Several of Snyder’s most powerful chapters highlight the current assaults on our democracy. In chapter 18, he writes, “After 2016 the United States became a country of staged crisis, such as a supposed refugee “invasions.” A real plague that killed became an opportunity for those who opposed health measures to “liberate” their states. A real murder of an African American became an imagined wave of violence against the suburbs. A secure election became the occasion for a big lie about its result. This took the form of the “stab in the back” a betrayal by internal enemies: the founding myth of the Nazis.”
In chapter 19, “Be a Patriot,” Snyder distinguishes between phony patriotism and real patriotism, between love of country and depraved nationalism. He writes, “What is patriotism? Let us begin with what patriotism is not. It is not patriotic to dodge the draft and to mock war heroes and their families… It is not patriotic to avoid paying taxes, especially when American working families do pay…. It is not patriotic to admire foreign dictators… A patriot, by contrast, wants the nation to live up to its ideals, which means asking us to be our best selves.”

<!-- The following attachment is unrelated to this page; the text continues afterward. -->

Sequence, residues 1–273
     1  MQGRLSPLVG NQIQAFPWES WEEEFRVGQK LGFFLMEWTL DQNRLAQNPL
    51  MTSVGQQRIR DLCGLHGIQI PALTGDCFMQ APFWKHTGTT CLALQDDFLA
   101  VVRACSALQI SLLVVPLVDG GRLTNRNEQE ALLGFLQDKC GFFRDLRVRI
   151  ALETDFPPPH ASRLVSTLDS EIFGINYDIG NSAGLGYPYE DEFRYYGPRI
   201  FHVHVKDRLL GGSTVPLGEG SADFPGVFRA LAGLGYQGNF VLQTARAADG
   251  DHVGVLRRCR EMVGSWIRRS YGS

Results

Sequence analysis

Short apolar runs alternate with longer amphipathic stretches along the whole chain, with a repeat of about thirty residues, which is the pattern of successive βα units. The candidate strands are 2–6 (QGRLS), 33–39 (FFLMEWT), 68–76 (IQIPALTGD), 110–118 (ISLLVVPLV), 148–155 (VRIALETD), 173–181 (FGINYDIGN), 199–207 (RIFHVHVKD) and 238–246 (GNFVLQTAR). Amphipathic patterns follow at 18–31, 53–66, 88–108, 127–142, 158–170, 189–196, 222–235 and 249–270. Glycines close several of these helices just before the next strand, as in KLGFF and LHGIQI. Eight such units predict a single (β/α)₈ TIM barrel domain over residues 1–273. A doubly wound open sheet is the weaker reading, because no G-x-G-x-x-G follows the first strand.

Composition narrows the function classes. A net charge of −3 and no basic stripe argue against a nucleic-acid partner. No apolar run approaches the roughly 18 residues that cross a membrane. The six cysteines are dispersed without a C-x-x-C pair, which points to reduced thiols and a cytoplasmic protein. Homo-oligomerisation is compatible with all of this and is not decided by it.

There are lots of ways for social studies teachers to use On Tyranny. It could be read a chapter a week for a semester or completed in its entirety in a week or two. Teachers may want their students to take notes as they read, using strategies like text annotation or Cornell Notes. In addition, the chapter readings can be supplemented by short lectures given by the author available on YouTube. On Tyranny is book that lends itself to academic conversations, whether in pairs, groups or whole class. And creative teachers may use a chapter as a springboard for various authentic projects such as student art, poetry, or video.
To get you started, I’ve designed an On Tyranny Reading and Discussion Guide. In it, I’ve highlighted key vocabulary in each chapter. In addition, I’ve suggested questions to guide your students’ reading and discussion. And at the end of the guide, I’ve created a list of extension activities to help students delve more deeply into themes found in this book.
On Tyranny is a short 128-page book. It costs about $ 9 per paperback or electronic copy. A Social Studies department could make On Tyranny a supplementary text in an American government or civics class for seniors or a companion non-fiction reading to a World Studies class covering the 20th century history. An English Department might pair On Tyranny with fictional works such as Bradbury’s Fahrenheit 451 or Orwell’s Animal Farm and 1984.
This is small book is full of big ideas. Snyder has given teachers an invaluable resource for teaching 21st century citizenship. On Tyranny is a must read for our students during these turbulent times.